THIS MONTH'S Netmarketshare figures from Net Applications are a smorgasbord of the quiet summer months. However, the good news is we can take a look at some different figures - year on year, two years on from the launch of Microsoft Windows 10.
Before we do, first off, here's this month's month or month figures for the month.
Windows 7: 48.43 (-0.48), Windows 10: 27.99 (+0.36), Windows XP, 6.07 (-0.03), Windows 8.x: 7.42 (-0.35), Mac OS 13 Beta: 0.02 (no change), Mac OS 12 (stable): 3.59 (+0.07), Mac OS 11: 1.09 (-0.08), Mac OS (older): 1.24.
Bottom line: Windows 90.37 percent of the market. Mac has 5.94 and Linux has taken a jump to 3.37 (0.84).
The only event of note - it has been quiet, as relatively few devices are released over the summer - is that there are now the same percentage of people using Windows 8.1 as there are Windows XP - 6.07.
So let us cast our minds back to summers past and see how Windows 10 is actually doing. Remember, at launch, Microsoft promised it was aiming for 2 billion machines in its first two years. The fact it hasn't achieved that even allowing for IoT and XBox devices, as well as a host of other new form factors, is obvious, but it was a big, fat, hairy audacious goal in the first place.
When the first figures came out, a few days after launch, Windows 10 was already sitting at 0.39 percent, thanks to the early adopters program. A year later, it sat at 22.99, as the free upgrade offer finished.
Microsoft would have had egg on their faces, had they extended the offer, but nevertheless, progress since has been slow. Today's 27.99 means that just a five percent shift has moved to Windows 10 since the end of the freebie.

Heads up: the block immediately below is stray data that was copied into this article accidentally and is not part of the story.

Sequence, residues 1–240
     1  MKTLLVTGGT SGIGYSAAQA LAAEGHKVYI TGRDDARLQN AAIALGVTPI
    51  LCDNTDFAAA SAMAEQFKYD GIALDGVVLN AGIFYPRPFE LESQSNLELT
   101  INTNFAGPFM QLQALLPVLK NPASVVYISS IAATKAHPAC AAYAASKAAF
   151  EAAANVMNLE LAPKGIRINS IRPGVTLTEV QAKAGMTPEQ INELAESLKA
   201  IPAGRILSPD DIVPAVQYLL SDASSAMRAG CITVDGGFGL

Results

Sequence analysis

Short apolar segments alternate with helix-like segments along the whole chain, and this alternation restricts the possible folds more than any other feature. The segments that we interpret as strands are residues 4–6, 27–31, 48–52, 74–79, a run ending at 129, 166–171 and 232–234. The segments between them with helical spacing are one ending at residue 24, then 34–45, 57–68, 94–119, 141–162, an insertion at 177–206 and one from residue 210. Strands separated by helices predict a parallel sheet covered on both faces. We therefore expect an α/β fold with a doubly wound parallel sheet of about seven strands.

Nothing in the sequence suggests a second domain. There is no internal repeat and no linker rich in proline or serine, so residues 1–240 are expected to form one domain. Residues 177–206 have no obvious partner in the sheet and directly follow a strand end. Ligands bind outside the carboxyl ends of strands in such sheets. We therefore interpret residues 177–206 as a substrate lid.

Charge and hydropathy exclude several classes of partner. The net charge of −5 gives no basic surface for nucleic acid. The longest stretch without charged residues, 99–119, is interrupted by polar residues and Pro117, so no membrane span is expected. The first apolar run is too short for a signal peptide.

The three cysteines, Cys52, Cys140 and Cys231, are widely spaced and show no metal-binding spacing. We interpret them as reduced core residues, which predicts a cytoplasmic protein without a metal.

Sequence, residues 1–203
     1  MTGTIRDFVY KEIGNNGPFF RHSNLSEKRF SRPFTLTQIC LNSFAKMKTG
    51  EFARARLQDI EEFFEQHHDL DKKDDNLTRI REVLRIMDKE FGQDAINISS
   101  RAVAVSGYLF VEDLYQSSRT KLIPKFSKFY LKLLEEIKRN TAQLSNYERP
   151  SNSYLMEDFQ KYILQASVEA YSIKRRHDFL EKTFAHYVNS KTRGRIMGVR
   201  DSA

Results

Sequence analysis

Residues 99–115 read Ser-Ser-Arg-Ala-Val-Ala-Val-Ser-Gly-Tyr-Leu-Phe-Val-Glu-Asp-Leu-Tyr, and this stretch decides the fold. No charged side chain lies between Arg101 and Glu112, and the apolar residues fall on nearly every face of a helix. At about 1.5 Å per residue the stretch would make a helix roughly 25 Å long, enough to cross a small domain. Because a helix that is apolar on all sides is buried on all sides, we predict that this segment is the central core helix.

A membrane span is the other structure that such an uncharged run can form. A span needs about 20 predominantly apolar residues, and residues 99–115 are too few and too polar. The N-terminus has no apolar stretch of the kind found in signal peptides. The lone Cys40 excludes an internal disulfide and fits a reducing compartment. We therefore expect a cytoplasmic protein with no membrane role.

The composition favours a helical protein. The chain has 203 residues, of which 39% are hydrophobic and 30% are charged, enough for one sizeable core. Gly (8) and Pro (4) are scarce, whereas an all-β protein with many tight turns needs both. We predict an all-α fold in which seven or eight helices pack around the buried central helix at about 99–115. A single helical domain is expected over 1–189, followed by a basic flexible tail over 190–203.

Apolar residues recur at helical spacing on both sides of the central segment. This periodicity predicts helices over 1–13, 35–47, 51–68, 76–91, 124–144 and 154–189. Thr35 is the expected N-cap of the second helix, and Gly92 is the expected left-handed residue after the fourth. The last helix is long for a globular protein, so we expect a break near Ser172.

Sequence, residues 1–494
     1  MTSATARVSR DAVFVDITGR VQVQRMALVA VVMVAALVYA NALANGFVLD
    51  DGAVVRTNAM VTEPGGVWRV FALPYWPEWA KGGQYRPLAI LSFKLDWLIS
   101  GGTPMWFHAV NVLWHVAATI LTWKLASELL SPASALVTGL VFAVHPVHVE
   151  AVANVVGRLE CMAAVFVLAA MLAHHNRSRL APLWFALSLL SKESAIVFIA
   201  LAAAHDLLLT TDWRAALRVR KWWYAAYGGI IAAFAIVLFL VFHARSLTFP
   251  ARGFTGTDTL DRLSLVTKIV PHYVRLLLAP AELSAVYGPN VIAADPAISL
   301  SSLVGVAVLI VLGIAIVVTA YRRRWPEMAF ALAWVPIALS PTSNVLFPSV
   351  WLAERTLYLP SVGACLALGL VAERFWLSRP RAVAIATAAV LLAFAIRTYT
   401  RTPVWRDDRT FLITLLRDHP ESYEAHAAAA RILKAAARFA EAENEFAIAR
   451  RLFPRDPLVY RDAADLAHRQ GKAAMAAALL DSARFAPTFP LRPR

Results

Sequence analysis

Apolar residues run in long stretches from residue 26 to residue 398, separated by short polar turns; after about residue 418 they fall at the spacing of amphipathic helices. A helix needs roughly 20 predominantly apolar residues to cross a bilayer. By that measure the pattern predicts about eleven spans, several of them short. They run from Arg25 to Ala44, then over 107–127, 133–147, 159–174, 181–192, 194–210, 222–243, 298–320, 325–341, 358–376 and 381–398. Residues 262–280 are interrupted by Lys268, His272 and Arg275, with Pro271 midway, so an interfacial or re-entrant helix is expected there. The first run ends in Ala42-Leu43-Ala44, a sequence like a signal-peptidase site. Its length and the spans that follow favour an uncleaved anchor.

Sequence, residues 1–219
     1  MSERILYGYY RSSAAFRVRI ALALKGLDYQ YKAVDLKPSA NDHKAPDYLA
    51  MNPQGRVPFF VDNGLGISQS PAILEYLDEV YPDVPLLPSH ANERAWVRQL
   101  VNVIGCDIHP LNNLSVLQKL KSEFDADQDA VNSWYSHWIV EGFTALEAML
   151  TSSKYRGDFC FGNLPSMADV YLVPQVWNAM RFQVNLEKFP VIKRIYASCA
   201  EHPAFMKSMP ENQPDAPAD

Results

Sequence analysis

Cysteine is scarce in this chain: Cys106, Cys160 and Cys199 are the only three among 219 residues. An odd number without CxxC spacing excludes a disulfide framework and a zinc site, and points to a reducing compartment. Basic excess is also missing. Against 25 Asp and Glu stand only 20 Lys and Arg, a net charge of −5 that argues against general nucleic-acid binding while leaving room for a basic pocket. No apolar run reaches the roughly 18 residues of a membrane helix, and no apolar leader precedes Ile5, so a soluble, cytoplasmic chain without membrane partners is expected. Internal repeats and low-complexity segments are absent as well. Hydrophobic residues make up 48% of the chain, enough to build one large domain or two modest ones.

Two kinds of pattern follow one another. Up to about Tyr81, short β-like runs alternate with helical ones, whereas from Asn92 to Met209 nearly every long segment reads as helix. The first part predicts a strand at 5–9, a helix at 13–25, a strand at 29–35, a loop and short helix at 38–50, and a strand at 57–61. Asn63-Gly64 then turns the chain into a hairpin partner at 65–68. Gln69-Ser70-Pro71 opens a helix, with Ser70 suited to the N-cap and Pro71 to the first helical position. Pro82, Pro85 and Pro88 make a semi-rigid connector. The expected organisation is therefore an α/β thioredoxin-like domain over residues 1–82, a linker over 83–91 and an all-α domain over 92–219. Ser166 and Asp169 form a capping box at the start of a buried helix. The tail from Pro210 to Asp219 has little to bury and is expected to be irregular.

When you consider all the devices that Windows 10 is on besides desktops, that's a pretty unhealthy figure. The last public figure that Terry Myerson gave was 500,000 devices. That's just not good enough, and whatever Microsoft's notoriously oily marketing people tell you, it remains a long way from where the company would hope to be.
Yes, okay, so Microsoft has actually increased its market share overall - It was 90.37 percent for August, up from 88.74 two years ago. But it's actually down a tiny fragment on this time last year, where it was at 90.39.
So where is all this coming from? Well we can't look to Windows 8.x which now has less than half the users of two years ago (from 15.86 to 7.42). And XP has dropped by a similar figure (from 13.09 to 6.07).
No. The issue is Windows 7. People and more especially businesses are still refusing to give it up. Yes, it has lost its market share - down from 60.75 in August 2015 to 48.43 percent in August 2017. But again - it's actually UP on this time last year, where it was at 47.25.
So Microsoft's increase market share seems to be down to the continuing success of an 8 year old operating system that has been superseded twice. In other words, come 2020, we're going to have the XP debacle all over again.
And it's not just Windows. Mac OS has actually fragmented in the past two years. The number of people of Mac OS has dropped from 7.66 to 5.85. Linux on the other hand continues to bloom in its own tiny way, going from 1.68 to 3.37.
There's no question that the last two years have seen a tremendous change in the market - not least of all, the variety of form factors and new players such as Chrome OS, which isn't included here for logistical reasons.
But the key problem remains, if Microsoft can't shift people off Windows 7, without really peeing them off in the process, then we're setting ourselves up for another End of Life timebomb. µ
But that doesn't mean it's losing its Edge
32-core CPU was pushed to a speed of 4.12GHz across all cores
Letter to Nicky Morgan MP explains cause of prolonged June outage
There aren't enough palms in North London for this face plant